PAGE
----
Age at surgery, mean (SD), y 15.1 (0.81) 17.7 (1.04) <.001 
Female sex, % (n72.7 (48) 75.9 (123) .61 
White, % (n72.7 (48) 71.6 (116) .86 
Non-Hispanic, % (n97.0 (64) 91.4 (148) .16 
Surgical procedure, % (n  .14 
 RYGB 63.6 (42) 73.5 (119) — 
 VSG 36.4 (24) 26.5 (43) — 
Household income, % (n  .31 
 <$25 000 34.4 (22) 39.6 (61) — 
 $25 000–$74 999 34.4 (22) 39.0 (60) — 
 $75 000+ 31.3 (20) 21.4 (33) — 
Caregiver education attained   .98 
 Less than high school 10.8% (7) 10.3% (16) — 
 High school graduate 30.8% (20) 30.8% (48) — 
 Some college 41.5% (27) 39.7% (62) — 
 College graduate or higher 16.9% (11) 19.2% (30) — 
Wt, mean (SD), kg 148.6 (31.88) 148.9 (31.05) .95 
BMI, mean (SD) 53.1 (10.75) 52.4 (8.79) .66 
Systolic BP, mean (SD), mm Hg 121.5 (12.53) 126.8 (13.31) .007 
Diastolic BP, mean (SD), mm Hg 71.2 (8.96) 75.4 (10.27) .004 
Type 2 diabetes, % (n10.6 (7) 13.6 (22) .54 
Hypertension, % (n27.3 (18) 37.1 (59) .16 
Dyslipidemia, % (n73.4 (47) 77.0 (124) .57 
IWQOL total score, mean (SD) 64.1 (17.75) 61.7 (18.16) .37 
SF-36 physical composite score, mean (SD) 44.8 (9.47) 43.9 (8.12) .49 
SF-36 mental composite score, mean (SD) 50.0 (10.33) 49.2 (10.34) .59 

Baseline demographics, anthropometrics, comorbidity status, and quality-of-life metrics for both age groups were similar, with the exception of age and BP, which were significantly different at P < .05. BP, blood pressure; VSG, vertical sleeve gastrectomy; —, not applicable.

BMI significantly declined from baseline until 1 year post surgery (group by time interaction, P = .60; Fig 1), remained stable between years 1 and 2 (P = .16), and then similarly, but significantly, increased in both groups thereafter (P < .01). Five years after surgery, the percentage BMI change from baseline was similar between younger (−22.2%; 95% CI: −26.2% to −18.2%) and older (−24.6%; 95% CI: −27.7% to −22.5%) adolescents (P = .59).

FIGURE 1

Percentage BMI change and comorbidity resolution over 5 years after MBS. A, Percentage BMI change from baseline. B, Remission of hypertension. C, Remission of dyslipidemia. D, Remission of type 2 diabetes mellitus. Younger adolescents were less likely to achieve remission of diabetes (P = .046). Error bars indicate 95% CIs.

FIGURE 1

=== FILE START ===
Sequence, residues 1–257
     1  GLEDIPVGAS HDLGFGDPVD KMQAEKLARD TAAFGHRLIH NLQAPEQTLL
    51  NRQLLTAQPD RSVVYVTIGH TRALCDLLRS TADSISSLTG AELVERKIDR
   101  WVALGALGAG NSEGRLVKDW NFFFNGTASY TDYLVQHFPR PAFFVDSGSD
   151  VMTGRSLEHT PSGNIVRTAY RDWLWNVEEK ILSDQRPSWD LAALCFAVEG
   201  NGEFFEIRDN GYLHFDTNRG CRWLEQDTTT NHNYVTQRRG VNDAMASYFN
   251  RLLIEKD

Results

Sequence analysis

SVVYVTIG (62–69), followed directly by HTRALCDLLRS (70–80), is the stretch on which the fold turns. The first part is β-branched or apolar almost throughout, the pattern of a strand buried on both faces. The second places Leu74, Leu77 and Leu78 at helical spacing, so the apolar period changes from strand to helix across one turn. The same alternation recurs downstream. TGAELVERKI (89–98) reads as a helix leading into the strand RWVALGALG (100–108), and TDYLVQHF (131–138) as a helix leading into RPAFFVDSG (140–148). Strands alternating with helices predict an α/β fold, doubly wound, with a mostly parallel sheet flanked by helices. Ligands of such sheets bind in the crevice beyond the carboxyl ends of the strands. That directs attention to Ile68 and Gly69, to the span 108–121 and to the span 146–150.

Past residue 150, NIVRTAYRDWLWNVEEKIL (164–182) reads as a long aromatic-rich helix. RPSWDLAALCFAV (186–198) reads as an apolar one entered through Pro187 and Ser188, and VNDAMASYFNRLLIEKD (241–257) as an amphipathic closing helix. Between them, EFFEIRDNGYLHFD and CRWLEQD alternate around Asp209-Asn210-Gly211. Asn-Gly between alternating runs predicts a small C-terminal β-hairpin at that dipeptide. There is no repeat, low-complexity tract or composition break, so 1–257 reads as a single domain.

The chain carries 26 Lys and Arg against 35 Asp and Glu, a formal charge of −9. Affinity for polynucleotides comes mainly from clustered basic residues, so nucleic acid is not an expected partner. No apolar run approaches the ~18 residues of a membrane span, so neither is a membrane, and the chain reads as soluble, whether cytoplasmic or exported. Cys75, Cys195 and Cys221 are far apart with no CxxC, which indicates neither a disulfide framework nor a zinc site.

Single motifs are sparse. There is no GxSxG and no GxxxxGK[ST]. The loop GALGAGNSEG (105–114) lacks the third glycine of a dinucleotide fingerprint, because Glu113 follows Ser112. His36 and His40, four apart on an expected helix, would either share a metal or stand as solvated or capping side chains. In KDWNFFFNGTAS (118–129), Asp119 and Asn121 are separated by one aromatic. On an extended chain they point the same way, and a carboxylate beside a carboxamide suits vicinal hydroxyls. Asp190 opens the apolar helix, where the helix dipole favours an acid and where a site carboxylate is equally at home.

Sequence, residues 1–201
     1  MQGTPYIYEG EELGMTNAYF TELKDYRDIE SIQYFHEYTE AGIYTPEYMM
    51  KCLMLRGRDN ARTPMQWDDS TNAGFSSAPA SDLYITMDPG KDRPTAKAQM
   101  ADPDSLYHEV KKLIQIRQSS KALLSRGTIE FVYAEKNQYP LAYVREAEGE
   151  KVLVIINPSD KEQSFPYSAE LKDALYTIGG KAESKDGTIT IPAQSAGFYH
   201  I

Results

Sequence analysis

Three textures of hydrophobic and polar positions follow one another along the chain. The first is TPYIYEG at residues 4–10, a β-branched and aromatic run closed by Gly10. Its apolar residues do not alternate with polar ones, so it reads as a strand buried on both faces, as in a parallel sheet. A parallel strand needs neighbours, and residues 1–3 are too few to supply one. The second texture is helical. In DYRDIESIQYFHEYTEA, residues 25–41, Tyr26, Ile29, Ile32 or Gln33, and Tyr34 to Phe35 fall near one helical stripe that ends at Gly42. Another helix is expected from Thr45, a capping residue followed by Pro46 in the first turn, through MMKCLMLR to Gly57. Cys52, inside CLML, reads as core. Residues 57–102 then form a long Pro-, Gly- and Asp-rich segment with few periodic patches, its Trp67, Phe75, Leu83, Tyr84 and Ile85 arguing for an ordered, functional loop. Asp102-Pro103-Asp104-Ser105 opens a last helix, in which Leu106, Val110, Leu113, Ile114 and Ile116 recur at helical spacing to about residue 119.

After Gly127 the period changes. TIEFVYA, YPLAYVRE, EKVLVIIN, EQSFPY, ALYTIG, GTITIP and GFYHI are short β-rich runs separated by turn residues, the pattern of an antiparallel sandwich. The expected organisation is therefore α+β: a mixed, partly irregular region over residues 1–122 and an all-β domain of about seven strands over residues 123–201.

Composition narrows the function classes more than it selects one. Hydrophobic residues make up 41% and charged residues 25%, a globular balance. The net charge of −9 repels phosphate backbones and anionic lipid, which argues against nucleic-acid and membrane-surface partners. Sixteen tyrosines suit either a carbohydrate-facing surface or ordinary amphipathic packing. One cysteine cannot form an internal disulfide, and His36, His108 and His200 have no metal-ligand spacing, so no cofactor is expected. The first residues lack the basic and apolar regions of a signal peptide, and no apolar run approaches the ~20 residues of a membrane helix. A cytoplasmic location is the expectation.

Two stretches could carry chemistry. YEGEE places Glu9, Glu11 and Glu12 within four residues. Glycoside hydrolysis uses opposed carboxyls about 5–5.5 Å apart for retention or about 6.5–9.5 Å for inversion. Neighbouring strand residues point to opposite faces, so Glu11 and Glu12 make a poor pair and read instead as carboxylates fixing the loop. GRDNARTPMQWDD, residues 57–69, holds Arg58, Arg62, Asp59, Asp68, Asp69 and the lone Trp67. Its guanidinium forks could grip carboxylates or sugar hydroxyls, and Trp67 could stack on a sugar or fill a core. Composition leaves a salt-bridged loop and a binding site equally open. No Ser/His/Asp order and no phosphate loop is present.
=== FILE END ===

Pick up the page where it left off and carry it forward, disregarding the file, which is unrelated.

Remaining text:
Percentage BMI change and comorbidity resolution over 5 years after MBS. A, Percentage BMI change from baseline. B, Remission of hypertension. C, Remission of dyslipidemia. D, Remission of type 2 diabetes mellitus. Younger adolescents were less likely to achieve remission of diabetes (P = .046). Error bars indicate 95% CIs.

Close modal

Baseline prevalence of hypertension was 27% (n = 18) in younger adolescents and 37% (n = 59) in older adolescents (P = .16). At 5 years, remission of hypertension was achieved by 77% (95% CI: 57.1% to 100.0%) of younger adolescents and 67% (95% CI: 54.5% to 81.5%) of older adolescents (Fig 1). After adjustment, postoperative hypertension remission was similar by age group (P = .84). Five years after surgery, the incidence of hypertension in the younger group was 8% (n = 5), compared with 2% (n = 4) in the older group.

Baseline prevalence of dyslipidemia was 73% (n = 47) in younger adolescents and 77% (n = 124) in older adolescents (P = .57). Five-year dyslipidemia remission was 61% (95% CI: 46.3% to 81.1%) among younger adolescents and 58% (95% CI: 48.0% to 68.9%) among older adolescents (Fig 1). Over the 5-year postoperative period, there was no significant difference in remission between age groups (P = .74). Incidence of dyslipidemia at 5 years occurred in 2% (n = 1) of younger adolescents and 4% (n = 6) of older adolescents.

Baseline prevalence of type 2 diabetes was 11% (n = 7) in younger adolescents and 14% (n = 22) in older adolescents (P = .54). Remission of type 2 diabetes was achieved by 83% (n = 6) of young adolescents and 87% (n = 15) of older adolescents by 5 years. Adjusted analyses revealed that over the 5-year postoperative period, younger adolescents were less likely to achieve remission compared with older adolescents (relative risk 0.86 [95% CI: 0.74 to 0.99]; P = .046). Five years after surgery, incidence type 2 diabetes was rare and present in 4.5% (n = 1) of older adolescents and 0% (n = 0) of younger adolescents.